Agencies

[Federal Register Volume 72, Number 63 (Tuesday, April 3, 2007)]
[Notices]
[Pages 15931-15932]
From the Federal Register Online via the Government Printing Office [www.gpo.gov]
[FR Doc No: 07-1620]


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DEPARTMENT OF TRANSPORTATION

Federal Aviation Administration

[Docket No. FAA-2007-27758]


Known Icing Conditions

AGENCY: Federal Aviation Administration (FAA), DOT.

ACTION: Notice of draft letter of interpretation.

-----------------------------------------------------------------------

SUMMARY: This draft letter of interpretation addresses a request by the 
Aircraft Owners and Pilots Association (AOPA) that the FAA rescind a 
letter of interpretation dated June 6, 2006 regarding ``known icing 
conditions''. Because of the controversy surrounding this issue, the 
FAA is publishing a draft of its response to seek public comment.

DATES: Send your comments on or before May 3, 2007.

ADDRESSES: You may send comments, identified by docket number, using 
any of the following methods:
    1. DOT Docket Web site: Go to http://dms.dot.gov and follow the 
instructions for sending your comments electronically.
    2. Mail: Docket Management Facility; U.S. Department of 
Transportation, 400 Seventh Street, SW., Room PL-401, Washington, DC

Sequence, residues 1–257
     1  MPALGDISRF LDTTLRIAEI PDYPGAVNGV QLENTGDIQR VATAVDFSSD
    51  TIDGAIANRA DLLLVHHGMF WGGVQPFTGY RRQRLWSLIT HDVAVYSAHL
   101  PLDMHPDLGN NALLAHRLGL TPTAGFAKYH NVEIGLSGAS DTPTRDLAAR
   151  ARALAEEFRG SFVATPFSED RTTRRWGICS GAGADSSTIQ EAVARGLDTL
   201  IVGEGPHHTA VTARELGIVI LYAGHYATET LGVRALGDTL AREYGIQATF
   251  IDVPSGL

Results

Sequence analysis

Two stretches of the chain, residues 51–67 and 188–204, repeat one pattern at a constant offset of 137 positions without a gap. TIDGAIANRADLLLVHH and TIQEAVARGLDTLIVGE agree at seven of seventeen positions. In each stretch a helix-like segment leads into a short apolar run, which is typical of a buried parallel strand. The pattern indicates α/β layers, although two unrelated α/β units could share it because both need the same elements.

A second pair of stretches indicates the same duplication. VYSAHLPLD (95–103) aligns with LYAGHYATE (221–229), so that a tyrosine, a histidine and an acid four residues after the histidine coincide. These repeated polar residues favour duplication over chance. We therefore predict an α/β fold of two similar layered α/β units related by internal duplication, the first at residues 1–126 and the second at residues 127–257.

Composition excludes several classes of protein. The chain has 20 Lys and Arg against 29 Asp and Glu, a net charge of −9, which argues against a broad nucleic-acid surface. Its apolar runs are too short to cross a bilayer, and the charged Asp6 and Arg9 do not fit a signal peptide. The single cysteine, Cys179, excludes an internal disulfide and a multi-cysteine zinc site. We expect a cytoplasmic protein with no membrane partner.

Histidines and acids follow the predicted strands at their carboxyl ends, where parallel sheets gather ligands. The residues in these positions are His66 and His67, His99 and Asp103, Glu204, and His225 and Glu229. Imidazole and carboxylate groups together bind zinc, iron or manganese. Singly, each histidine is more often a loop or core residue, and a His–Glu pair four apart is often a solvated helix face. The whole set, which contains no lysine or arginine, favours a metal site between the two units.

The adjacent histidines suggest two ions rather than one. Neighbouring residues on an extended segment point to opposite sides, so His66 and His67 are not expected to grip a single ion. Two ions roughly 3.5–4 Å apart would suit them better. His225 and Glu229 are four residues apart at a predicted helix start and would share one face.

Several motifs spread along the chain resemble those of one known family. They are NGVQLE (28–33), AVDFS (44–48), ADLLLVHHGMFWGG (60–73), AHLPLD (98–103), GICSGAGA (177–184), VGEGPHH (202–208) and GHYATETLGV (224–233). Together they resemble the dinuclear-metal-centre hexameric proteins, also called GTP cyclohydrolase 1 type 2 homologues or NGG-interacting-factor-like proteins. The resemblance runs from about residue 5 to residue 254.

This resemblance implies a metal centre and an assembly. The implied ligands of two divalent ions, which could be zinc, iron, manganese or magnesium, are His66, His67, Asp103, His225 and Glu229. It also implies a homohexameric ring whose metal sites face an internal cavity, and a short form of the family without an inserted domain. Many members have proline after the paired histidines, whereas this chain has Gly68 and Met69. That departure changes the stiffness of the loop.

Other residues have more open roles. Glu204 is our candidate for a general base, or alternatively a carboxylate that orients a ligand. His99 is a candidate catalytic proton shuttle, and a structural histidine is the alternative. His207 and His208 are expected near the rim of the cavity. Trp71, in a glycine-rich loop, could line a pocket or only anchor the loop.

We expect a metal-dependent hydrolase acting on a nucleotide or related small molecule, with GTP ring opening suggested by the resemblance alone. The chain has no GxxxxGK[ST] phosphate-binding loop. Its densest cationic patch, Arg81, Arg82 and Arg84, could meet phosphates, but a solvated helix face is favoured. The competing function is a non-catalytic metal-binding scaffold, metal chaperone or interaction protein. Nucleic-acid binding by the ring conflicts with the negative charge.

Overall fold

20590-0001.
    3. Facsimile: (202) 493-2251.
    4. Hand delivery: Docket Management Facility; U.S. Department of 
Transportation, 400 Seventh Street, SW., Room PL-401, Washington, DC, 
between 9 a.m. and 5 p.m., Monday through Friday, except Federal 
holidays.
    Privacy: We will post all comments we receive, without change, to 
http://dms.dot.gov, including any personal information you provide.

FOR FURTHER INFORMATION CONTACT: Bruce Glendening, Regulations 
Division, Office of the Chief Counsel, Federal Aviation Administration, 
800 Independence Ave., Washington, DC 20591; telephone (202) 267-3073.

SUPPLEMENTARY INFORMATION: On November 17, 2006, Luis Gutierrez, 
Director of Regulatory and Certification Policy for AOPA, requested the 
FAA's Office of the Chief Counsel rescind a letter of interpretation